The AMOS-6 satellite being launched by Facebook and Eutelsat to bring satellite connectivity to rural Sub-Saharan Africa has been destroyed after the SpaceX rocket carrying it exploded.
SpaceX have stated that an “anomaly” occurred while the rocket was being fuelled at the launch site in Cape Canaveral, causing the explosion. No one was injured. The rocket was being test-fired prior to its actual launch.
Facebook CEO Mark Zuckerberg, who is currently visiting Nigeria, wrote that he was "deeply disappointed to hear that SpaceX's launch failure destroyed our satellite”, but added "we remain committed to our mission of connecting everyone, and we will keep working until everyone has the opportunities this satellite would have provided.”
The blast began at 9:07am EST on Thursday morning and lasted for four minutes. The rocket that exploded was a Falcon 9 – a model designed to be reusable thanks to its ability to land upright. SpaceX founder Elon Musk noted that the explosion “originated around upper stage [of the] oxygen tank… during propellant fill operation.”
Founded by Musk in 2002, SpaceX is attempting to increase the commercial viability of manned space flights, and the idea of reusing rockets is the bedrock of this idea. While the company has not yet achieved a manned space flight, it has secured contracts with NASA to shuttle American astronauts to the ISS in the future.
While Musk was stoical about the accident, the Israel Space Agency was less reserved about losing the $200m satellite, owned by Israeli firm Spacecom. “As far as the Israeli communications satellite industry is concerned, this is a very severe blow which could place the future of the industry in doubt if it is not dragged out of the mud,” said ISA chairman Isaac Ben-Israel.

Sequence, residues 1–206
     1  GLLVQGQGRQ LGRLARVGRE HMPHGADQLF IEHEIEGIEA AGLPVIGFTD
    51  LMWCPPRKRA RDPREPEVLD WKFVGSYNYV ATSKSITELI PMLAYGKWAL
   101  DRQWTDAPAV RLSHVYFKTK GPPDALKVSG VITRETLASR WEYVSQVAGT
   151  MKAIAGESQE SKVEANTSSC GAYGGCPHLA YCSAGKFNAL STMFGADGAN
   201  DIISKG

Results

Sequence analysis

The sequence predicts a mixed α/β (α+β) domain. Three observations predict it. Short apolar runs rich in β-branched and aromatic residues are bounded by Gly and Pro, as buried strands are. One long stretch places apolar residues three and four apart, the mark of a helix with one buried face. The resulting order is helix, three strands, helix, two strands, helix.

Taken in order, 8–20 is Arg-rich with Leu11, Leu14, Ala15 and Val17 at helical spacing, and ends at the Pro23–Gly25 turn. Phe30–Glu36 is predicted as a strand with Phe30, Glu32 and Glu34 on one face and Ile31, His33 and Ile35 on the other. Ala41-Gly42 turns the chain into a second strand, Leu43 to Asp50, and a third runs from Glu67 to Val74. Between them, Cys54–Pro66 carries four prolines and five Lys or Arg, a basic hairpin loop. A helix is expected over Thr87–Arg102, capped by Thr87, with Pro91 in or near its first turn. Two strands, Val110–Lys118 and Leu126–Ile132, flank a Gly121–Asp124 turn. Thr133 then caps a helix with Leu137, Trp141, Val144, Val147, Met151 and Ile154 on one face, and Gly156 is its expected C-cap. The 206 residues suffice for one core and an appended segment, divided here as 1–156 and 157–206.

While undoubtedly a blow for SpaceX, and indeed Facebook and Eutelsat, the accident is unlikely to quell any of the companies’ ambitions. Musk is due to reveal his proposals for a Mars colony later this month, while Zuckerberg reiterated during his African tour that Facebook intends to push ahead with its controversial Free Basics initiative in Africa.
Part of the Internet.org movement, Free Basics offers selected internet content to users for free. The service caused a stir in India when it was suggested that it essentially amount to zero-rating, which was outlawed by Indian regulator TRAI earlier this year.